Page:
Artificial Intelligence News

AI discovers existing drugs work for rare diseases

A patient’s life was saved after researchers at the University of Pennsylvania, Castleman Disease Collaborative Network, Medidata, and Every Cure, used artificial intelligence to use existing drugs to treat idiopathic multicentric Castleman disease (iMCD).

Every Cure and partners are developing medical databases and AI algorithms to unlock new uses for existing medicines for all diseases, and a recent assessment identified adalimumab as the most promising treatment for iMCD out of all 3,000 approved drugs.

iMCD is a rare and life-threatening disorder involving hyperactivation of the immune system, leading to uncontrolled dysfunction of organs. The only FDA-approved treatment works in some of those diagnosed with iMCD, leaving most patients with limited options.

Albert, a 50-year-old iMCD patient on all known medications, was prescribed adalimumab by Luke Chen of the University of British Columbia after consulting with David Fajgenbaum and his team from Every Cure, who have identified potential benefits of this treatment using a guided proteomics approach. AI.

“After a two year battle with iMCD, I am sadly running out of options, causing my family and I to prepare for hospital treatment,” said Albert.

The Every Cure team identified the medication when Albert started exhibiting the worst symptoms in his two year battle with the iMCD. Within days of taking adalimumab, his organs were functioning again, his symptoms subsided, and he was in remission. The use of adalimumab to treat iMCD will be a new application.

Monoclonal antibodies

Adalimumab is a monoclonal antibody that is typically used to treat severe and often life-debilitating inflammatory conditions such as rheumatoid arthritis, juvenile idiopathic arthritis, psoriatic arthritis, and Crohn’s disease, among others. It is given by injection under the skin.

Adalimumab was originally approved by the US Food and Drug Administration (FDA) in 2002. Treating iMCD with adalimumab is not an approved use at this time. With this groundbreaking discovery, Every Cure and its research partners are starting to lay the groundwork for conducting clinical trials to further validate its use for iMCD.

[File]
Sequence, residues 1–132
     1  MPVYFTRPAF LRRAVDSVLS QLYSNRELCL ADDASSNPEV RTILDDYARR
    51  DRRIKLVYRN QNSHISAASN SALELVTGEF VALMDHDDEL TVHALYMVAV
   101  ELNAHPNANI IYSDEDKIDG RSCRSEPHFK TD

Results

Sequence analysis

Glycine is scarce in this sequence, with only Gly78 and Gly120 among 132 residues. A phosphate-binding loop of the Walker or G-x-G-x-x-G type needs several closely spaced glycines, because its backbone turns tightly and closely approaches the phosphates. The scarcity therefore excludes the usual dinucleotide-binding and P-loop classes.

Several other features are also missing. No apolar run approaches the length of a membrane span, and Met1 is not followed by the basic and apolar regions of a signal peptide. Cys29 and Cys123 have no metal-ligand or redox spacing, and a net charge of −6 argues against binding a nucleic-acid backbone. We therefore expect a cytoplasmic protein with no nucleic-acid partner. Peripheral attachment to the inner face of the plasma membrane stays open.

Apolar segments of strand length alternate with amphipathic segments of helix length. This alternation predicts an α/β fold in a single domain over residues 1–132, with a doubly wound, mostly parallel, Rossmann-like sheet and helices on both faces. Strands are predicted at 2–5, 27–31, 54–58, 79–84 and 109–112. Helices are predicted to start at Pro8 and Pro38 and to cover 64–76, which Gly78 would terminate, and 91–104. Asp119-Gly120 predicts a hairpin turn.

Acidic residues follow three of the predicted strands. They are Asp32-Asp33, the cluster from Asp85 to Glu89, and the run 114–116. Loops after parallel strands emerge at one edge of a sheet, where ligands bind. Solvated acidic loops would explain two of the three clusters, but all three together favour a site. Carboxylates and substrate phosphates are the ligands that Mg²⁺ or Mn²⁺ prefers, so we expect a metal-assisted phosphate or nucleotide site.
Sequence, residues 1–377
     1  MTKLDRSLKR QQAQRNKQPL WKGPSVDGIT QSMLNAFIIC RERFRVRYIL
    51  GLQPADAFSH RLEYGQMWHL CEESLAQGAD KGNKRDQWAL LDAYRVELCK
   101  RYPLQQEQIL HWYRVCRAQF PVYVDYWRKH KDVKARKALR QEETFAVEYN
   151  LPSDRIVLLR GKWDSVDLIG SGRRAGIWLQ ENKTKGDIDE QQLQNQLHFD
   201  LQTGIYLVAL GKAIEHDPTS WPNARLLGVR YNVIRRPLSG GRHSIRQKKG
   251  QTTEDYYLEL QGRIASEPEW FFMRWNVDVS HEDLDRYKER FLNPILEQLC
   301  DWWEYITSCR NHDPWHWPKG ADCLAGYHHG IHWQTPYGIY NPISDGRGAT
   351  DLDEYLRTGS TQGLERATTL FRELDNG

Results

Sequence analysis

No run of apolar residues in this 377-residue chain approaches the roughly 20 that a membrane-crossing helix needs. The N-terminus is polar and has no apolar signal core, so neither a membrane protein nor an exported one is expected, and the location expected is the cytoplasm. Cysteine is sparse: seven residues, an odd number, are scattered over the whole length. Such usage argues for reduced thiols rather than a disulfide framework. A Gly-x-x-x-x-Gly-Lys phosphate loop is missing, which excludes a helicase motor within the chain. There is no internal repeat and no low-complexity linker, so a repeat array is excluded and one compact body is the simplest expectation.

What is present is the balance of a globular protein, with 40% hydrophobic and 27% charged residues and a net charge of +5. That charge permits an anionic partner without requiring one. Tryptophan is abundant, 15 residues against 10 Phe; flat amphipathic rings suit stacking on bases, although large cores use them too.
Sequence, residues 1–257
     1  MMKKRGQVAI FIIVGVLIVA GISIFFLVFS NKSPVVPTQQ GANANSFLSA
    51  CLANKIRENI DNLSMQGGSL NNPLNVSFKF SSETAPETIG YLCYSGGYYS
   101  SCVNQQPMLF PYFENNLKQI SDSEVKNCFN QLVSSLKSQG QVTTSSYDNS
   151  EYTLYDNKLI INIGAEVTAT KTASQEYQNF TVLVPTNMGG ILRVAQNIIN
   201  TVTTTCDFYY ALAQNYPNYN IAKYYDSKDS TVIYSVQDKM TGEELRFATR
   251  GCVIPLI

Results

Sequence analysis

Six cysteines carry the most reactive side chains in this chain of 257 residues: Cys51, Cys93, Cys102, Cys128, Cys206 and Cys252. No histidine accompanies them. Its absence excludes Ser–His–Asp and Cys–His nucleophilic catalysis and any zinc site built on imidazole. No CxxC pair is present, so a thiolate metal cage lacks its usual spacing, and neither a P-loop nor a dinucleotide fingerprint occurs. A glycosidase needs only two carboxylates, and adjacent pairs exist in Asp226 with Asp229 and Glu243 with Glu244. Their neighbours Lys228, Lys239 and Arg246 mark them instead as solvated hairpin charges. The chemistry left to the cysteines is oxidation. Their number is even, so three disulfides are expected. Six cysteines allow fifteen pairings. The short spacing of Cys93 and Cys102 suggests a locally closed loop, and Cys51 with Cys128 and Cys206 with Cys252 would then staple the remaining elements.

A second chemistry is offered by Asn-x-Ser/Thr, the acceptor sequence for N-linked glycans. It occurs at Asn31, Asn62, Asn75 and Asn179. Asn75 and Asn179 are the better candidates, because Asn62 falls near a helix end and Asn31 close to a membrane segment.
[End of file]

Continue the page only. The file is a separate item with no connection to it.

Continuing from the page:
Take note of existing drugs

To help scale this case study for other potential uses, Every Cure, a nonprofit dedicated to unlocking the full potential of approved drugs to treat additional diseases, has partnered with researchers at the University of Pennsylvania, Penn State University, and the University of North Carolina, including David Koslicki, Alex Tropsha and Chris Bizon for developing the AI-powered Every Cure LinkMap. The algorithm scores each existing drug potency to treat every known disease based on world knowledge from publications and databases. The Every Cure LinkMap originally ranked all 3,000 drugs that are FDA-approved to treat all 12,000 human diseases, resulting in 36 million evaluations.

Every Cure is currently analyzing the top results from its initial findings on Every Cure LinkMap, in addition to consulting industry experts, to identify the most promising candidates for reuse, including opportunities such as the use of metreleptine for anorexia, folinic acid for autism spectrum disorder, anakinra for sepsis, and bosutinib for ALS. These and other candidates will be further evaluated and prioritized for future clinical trials.

Every Cure is a non-profit organization seeking urgent funding to further optimize its algorithms and evaluate its highest ranking results to take directly to patients. It is also seeking partnerships for data contributions.

Potential future impact

“We are very encouraged by the progress we have made with limited resources that have saved the lives of patients diagnosed with Castleman disease, angiosarcoma, and COVID-19 by reusing existing medicines,” said Every Cure co-founder and CEO, Give Mitchell.

“However, we are even more excited about the potential future impact as we integrate more data, optimize algorithms and investigate our most promising prospects. Our mission is to offer options to patients who have run out of hope. We do so by taking responsibility for ensuring that every drug is used to treat every possible disease. It is a huge responsibility but much needed and we are positioned to do it.”

Each Cure founder and Center for Cytokine Storm Treatment & Laboratory (CSTL) director, Fajgenbaum, announced this momentous breakthrough at the STAT Summit in San Francisco.

“I live thanks to recycled medicine that I found when I was dying of a rare disease during medical school. Now, I am on a mission to unlock every drug so that no patient is told that we have tried everything when a life-saving drug is on the pharmacy shelf,” said Fajgenbaum.

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